Which Examination Tests Detect Differences in Cervical Musculoskeletal Impairments in People With Migraine? A Systematic Review and Meta-Analysis

Tibor M Szikszay, Susann Hoenick, Karolin von Korn, Ruth Meise, Annika Schwarz, Wiebke Starke, Kerstin Luedtke


Background. Most patients with migraine report associated neck pain. Whether neck pain is a symptom of migraine or an indicator for associated cervical musculoskeletal impairment has not yet been determined. Physical examination tests to detect cervical impairments in people with headache have been suggested, but results have not been evaluated systematically and combined in meta-analyses. Purpose. The purpose of this study was to identify musculoskeletal impairments in people with migraine and people who were healthy (healthy controls) by reviewing published data on physical examination results. Data Sources. PubMed, CINAHL, Web of Science, and the Cochrane Register of Clinical Trials were searched for studies published prior to December 2017. Study Selection. Publications investigating physical examination procedures that are feasible for use in a physical therapy setting for patients with migraine and healthy controls were independently selected by 2 researchers. Data Extraction. One researcher extracted the data into predesigned data extraction tables. Entries were checked for correctness by a second researcher. The Downs and Black Scale was used for risk-of-bias assessment by 2 reviewers independently. Data Synthesis. Thirty-five studies (involving 1033 participants who were healthy [healthy controls] and 1371 participants with migraine) were included in the qualitative synthesis, and 18 were included in the meta-analyses (544 healthy controls and 603 participants with migraine). Overall, studies were rated as having a low to moderate risk of bias. Included studies reported 20 different test procedures. Combined mean effects indicated that 4 of the tests included in the meta-analyses distinguished between patients and controls: range of cervical motion, flexion-rotation, pressure pain thresholds, and forward head posture in a standing position. Limitations. Manual joint testing and evaluation of trigger points were the 2 most frequently investigated tests not included in the meta-analyses because of heterogeneity of reporting and procedures. Conclusions. Three tests confirmed the presence of musculoskeletal impairments in participants with migraine when combined in meta-analyses. Pressure pain thresholds added information on sensory processing. Additional tests might be useful but require standardized protocols and reporting.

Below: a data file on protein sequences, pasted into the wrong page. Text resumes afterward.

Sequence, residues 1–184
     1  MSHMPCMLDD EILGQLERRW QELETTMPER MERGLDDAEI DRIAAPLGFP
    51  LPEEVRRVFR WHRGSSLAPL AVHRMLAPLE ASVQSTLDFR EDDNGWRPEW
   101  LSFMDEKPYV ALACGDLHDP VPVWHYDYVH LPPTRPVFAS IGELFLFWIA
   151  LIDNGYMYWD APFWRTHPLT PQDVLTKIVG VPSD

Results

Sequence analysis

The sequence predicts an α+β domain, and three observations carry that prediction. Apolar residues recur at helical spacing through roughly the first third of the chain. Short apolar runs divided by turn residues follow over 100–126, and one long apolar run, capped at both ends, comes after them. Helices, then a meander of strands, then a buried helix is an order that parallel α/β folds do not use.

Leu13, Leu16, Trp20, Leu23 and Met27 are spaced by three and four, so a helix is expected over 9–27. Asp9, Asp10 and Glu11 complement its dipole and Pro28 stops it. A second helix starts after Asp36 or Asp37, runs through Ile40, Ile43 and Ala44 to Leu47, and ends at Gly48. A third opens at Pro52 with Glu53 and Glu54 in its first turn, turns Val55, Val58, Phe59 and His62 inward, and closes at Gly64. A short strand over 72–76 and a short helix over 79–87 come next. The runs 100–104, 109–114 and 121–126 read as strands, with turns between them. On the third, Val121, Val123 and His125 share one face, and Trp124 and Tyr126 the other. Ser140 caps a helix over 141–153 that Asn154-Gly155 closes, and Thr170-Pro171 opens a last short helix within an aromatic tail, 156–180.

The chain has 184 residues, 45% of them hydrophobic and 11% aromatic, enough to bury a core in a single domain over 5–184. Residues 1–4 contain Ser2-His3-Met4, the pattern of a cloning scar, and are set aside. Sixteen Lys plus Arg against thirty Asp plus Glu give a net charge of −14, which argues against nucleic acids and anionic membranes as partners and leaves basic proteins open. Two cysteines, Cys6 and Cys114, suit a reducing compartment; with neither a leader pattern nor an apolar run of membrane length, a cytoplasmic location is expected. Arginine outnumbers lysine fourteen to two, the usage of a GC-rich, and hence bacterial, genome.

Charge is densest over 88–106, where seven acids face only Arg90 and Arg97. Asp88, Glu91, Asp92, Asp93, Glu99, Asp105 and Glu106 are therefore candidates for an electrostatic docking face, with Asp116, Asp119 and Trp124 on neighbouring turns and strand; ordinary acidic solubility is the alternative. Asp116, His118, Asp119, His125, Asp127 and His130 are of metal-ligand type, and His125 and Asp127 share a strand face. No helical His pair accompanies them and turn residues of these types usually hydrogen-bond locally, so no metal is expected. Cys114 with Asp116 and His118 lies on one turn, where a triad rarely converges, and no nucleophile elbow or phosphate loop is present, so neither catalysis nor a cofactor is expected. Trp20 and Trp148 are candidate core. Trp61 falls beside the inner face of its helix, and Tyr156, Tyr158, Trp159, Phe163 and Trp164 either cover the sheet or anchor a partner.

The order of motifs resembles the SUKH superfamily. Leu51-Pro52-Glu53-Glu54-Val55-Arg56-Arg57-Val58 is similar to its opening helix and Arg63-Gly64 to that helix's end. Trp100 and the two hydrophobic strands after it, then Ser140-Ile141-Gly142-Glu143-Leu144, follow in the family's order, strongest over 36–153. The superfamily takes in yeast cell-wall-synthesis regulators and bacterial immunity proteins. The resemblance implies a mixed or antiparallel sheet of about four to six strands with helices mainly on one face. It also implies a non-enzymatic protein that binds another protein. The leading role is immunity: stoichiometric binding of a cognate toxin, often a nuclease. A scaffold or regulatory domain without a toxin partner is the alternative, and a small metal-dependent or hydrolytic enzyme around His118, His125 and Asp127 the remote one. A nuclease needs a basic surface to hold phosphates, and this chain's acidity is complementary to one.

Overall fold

Original languageEnglish
JournalPhysical Therapy
Issue number5
Pages (from-to)549-569
Number of pages21
Publication statusPublished - 01.05.2019

Research Areas and Centers

  • Academic Focus: Center for Brain, Behavior and Metabolism (CBBM)


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